In any case, the character set is the simplest part for Western languages. I'm guessing that the rules were written by someone who didn't know any foreign alphabets, or perhaps who had learned a difficult Asian script. Learning Greek or Cyrillic characters is the easy part of learning a language that uses them.
While i rather agree with your rules-y direction, i simply can not even the slightest agree with your above statement.
Using myself as example, it was when i totally quit trying to learn the alphabet that i finally was able to start learning some Japanese, something that previously eluded me for a long time, and in retrospect i can say that that was because it´s so damned standard to try to learn kanji or at minimum hiragana as part of the language, which i was utterly useless at, distracting and preventing me from actually learning the language itself.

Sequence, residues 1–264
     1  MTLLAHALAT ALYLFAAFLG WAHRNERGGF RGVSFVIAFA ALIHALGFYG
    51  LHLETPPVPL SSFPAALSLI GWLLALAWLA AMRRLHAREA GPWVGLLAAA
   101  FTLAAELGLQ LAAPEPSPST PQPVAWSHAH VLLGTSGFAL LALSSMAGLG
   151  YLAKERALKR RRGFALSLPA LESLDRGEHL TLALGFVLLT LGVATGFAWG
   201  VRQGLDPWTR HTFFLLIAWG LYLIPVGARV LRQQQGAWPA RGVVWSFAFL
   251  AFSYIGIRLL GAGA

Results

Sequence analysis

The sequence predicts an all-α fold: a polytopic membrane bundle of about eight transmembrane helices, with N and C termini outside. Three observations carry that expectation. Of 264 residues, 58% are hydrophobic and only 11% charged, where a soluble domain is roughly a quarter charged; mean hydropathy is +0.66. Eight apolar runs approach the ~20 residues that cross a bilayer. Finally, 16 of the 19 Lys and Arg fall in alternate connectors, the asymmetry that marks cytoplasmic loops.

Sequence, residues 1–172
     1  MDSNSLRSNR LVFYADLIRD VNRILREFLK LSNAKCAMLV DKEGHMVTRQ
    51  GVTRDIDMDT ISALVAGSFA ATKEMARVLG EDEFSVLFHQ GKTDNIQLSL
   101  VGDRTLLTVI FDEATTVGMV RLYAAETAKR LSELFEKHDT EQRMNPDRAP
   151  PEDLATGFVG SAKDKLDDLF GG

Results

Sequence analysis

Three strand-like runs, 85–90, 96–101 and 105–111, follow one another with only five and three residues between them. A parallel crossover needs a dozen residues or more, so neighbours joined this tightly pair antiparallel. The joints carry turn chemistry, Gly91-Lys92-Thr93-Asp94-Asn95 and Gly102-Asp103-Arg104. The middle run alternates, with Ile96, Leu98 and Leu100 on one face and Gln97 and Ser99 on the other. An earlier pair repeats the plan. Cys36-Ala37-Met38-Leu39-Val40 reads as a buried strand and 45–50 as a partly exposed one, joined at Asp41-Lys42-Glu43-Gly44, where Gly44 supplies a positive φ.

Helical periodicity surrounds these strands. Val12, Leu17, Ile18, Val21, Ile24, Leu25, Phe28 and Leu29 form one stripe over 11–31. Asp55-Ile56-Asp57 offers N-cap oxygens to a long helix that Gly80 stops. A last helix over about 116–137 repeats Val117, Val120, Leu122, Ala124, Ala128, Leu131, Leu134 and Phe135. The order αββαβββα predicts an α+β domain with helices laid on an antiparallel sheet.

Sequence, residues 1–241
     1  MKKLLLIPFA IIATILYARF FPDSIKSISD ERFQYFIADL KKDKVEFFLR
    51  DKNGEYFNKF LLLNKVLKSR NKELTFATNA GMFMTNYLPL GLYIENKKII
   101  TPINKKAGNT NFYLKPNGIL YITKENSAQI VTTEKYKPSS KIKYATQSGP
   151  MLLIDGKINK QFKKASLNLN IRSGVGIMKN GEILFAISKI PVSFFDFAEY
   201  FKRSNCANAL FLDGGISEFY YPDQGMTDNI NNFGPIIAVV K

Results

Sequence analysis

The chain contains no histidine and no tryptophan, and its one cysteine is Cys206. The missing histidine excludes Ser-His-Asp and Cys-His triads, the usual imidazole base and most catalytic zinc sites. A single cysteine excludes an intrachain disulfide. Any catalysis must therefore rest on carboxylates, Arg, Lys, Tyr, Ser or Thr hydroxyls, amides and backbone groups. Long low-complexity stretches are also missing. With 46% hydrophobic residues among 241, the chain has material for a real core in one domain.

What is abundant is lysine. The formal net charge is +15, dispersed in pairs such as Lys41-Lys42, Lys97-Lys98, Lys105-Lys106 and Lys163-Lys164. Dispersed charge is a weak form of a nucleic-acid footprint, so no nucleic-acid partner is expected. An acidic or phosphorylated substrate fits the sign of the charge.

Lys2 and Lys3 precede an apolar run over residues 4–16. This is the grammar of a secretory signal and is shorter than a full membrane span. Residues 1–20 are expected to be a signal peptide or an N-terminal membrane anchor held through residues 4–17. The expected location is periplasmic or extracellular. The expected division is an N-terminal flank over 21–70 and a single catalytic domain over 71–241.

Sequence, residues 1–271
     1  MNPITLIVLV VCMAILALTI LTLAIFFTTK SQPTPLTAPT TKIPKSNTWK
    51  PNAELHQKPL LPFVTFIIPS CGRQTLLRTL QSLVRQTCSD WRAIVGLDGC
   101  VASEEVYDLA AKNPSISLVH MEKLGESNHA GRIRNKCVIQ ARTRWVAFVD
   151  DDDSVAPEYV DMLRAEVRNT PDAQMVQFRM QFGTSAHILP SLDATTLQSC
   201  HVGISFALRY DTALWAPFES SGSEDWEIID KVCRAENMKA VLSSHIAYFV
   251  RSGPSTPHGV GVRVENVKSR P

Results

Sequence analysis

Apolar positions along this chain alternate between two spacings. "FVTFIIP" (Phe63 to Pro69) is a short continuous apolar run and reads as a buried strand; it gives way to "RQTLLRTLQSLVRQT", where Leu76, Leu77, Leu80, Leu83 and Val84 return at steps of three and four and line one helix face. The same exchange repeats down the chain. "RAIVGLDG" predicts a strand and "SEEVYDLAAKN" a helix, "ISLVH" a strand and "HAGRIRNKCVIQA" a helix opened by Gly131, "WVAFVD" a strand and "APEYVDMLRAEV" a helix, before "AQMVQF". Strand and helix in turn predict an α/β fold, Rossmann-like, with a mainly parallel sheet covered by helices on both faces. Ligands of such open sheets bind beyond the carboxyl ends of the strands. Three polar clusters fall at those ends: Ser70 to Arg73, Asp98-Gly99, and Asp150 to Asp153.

OTOH, i´m a very verbally focused person, my friend learned the kana´s and some of the kanji almost with ease but doesn´t even have a tenth of my vocabulary and general understanding.
Well, as I speculated above, the rules might be written to simulate learning difficult Asian scripts. I know close to zero about Japanese, so I'll take your word for the difficulty. I would imagine it's much more common for AM characters to learn Slavic or Greek scripts, which are not especially difficult.
The big problem in my view is that you have Katakana, Hiragana, both consisting of over the same 70 letters and both sets of letters most often representing 2 or 3 letters from the latin alphabet, with Hiragana being the main and Katakana being used for certain categories of words and for foreign or loan words.